of expense incurred during the time of election
£2165 5 0 Corruption of this kind, and perhaps sometimes greater in degree, prevailed in almost every town in which the suffrage was very extended. As the wealth of the country grew, the price of votes becaine greater. If the old system of representation had endured till now, we can scarcely estimate how great it would by this time have become. Experience proved what our theories suggest that the enfranchisement of the corruptible is in truth the establishment of corruption.
In one respect, however, the representation of the working, classes which we formerly had in this country may be considered to have been successful. The towns in which the suffrage was practically universal at times sent to the House of Commons, not spokesmen of their own grievances, but spokesmen of grievances in general. Sir Francis Burdett is but the type, and the best-known instance, of a whole class of members who, in former times, were always ready to state any one's complaints, without much inquiry whether they were true ; to bring forward a case, without much asking whether it were very well founded; to make a general declamation about the sufferings of the country which was a kind of caveat against abuses in general, and might be construed as a protest against any particular one which chanced to occur. Such undiscriminating and vague invectives had their use. They prevented gross instances of administrative harshness—at least they tended to prevent them. They prevented the air of politics from becoming stagnant; they broke the monotony of class domination. But it may be questioned whether, on the whole, their influence was beneficial. These reckless orators had but little moral weight; they were too ready with their statements to have them trusted, they were too undiscriminating in their objections for those objections to have influence. A weak Opposition is commonly said to be more advantageous to a government than no Opposition at all; it gives an impression to the public that all which can be said against the plans of the Cabinet has been said ; it gives an impression that what is unchecked is checked, that what is uncontrolled is controlled. It diminishes the practical responsibility of an administration, by diminishing the popular conception of its power. In the same way, the vague demagogues who occasionally appeared in the old House of Commons did not weaken the substantial power of the classes that ruled there. They were “her majesty's" objectors. It was their province to say that whatever was done was done wrong. It was not therefore of much consequence what the administration did. They were sure of its being opposed, they were sure of its being carried; and they had therefore the advantage of complete power without the odium of enforcing silence. A despotism disguised in this manner is perhaps more uncontrolled than any other despotism :-such, however, was the mode in which the attempt of our old system of representation to give special members to the lowest classes really operated. It failed in what may be considered its characteristic function. The ideas of the lowest classes on politics were still unheard in the legislature, because those classes had no ideas. A confused popular feeling sometimes sent popular orators to Parliament. But the kind of indiscriminate objection and monotonous invective which those orators without ceasing made use of, seem to have been rather an assistance than an obstruction to the governing classes. The lesson of the whole history indubitably is, that it is in vain to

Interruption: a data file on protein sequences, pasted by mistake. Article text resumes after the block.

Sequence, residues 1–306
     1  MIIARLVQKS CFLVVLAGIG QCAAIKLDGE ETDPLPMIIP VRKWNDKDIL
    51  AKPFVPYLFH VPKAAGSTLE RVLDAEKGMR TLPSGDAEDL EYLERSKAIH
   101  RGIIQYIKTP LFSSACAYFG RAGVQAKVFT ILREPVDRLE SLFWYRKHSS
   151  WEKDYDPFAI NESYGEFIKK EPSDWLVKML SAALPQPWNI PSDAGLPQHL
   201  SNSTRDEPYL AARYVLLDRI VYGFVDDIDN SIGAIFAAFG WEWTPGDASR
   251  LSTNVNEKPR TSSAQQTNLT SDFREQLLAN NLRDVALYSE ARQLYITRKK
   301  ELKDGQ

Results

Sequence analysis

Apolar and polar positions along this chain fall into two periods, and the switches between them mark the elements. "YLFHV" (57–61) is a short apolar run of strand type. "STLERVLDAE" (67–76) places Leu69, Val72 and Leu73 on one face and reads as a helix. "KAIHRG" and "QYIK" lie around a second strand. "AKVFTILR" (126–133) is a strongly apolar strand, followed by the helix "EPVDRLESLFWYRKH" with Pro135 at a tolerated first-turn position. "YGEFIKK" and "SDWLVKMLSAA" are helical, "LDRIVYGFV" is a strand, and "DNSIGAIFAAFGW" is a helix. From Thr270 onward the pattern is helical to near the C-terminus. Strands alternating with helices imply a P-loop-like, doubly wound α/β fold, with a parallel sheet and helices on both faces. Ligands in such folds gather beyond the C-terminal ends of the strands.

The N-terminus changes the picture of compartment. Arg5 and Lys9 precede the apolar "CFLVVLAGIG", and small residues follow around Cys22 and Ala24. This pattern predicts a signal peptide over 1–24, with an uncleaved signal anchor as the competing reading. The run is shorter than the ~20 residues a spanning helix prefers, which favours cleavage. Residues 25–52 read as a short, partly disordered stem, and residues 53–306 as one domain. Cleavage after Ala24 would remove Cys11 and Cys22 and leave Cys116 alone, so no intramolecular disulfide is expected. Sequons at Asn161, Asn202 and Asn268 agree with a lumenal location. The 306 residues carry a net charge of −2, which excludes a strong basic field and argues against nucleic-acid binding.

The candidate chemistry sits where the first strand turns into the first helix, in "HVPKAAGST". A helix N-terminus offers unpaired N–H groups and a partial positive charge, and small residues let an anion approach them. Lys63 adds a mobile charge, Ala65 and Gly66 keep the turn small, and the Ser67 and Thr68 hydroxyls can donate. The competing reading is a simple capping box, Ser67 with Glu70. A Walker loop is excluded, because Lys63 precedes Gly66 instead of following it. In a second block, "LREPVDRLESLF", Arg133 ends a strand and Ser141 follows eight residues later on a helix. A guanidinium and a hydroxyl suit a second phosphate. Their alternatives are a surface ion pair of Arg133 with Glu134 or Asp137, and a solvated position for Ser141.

lower the level of political representation beneath the level of political capacity ; that below that level you may easily give nominal power, but cannot possibly give real power ; that at best you give a vague voice to an unreasoning instinct, that in general you only give the corruptible an opportunity to become corrupt.
It is often said, and commonly believed, that the old system of representation secured, under almost all circumstances, the existence and the continuance of what is called a strong govern
а ment: it is believed that under that system the administration of the day had almost always the power to carry any legislative measure which it deemed beneficial, and to do any executive act which it might think fit. History, however, when it is accurately reviewed, affords little or no confirmation of this idea. Many parts of the history of England during the existence of our old constitution bear, on the very face of them, the most conspicuous evidence that there was then no security for the existence of a strong executive government. Many administrations during the last century, so far from being preëminently powerful, were not moderately coherent. The earlier part of George the Third's reign is simply the history of a series of feeble governments, which had little power to act as they intended, or to legislate as they desired. The traditional notion of the strength of governments in former times is founded upon the enormous strength of the administrations which successively directed the long struggle with France and Napoleon. The French revolution frightened the English nation, it haunted the people of that generation so much, that they could not look any where but they imagined that they saw the traces of it. Priestley interpreted the prophecies by means of it; Mitford wrote Grecian history by the aid of it. If its effect was so striking in the out-of-the-way parts of literature, in politics its effect might well be expected to be extreme. It was extreme. The English people were terrified into unity. They ceased to be divided into parliamentary sections, as their fathers were divided, or as their grandchildren are now divided. The process by which the unanimity of the nation created a corresponding unanimity in the House of Commons was simple and was effectual. The noblemen and gentlemen who had the greatest influence in the counties, and a certain number of whom were proprietors of boroughs,—the class which, as we have seen, had a despotic control over the House of Commons as it then was,-felt the antipathy to French principles as much as any other class; perhaps they did not feel it more, though some persons have thought they did, than the rest of the nation ; but they undoubtedly did not feel it less. The Parliament was as united in its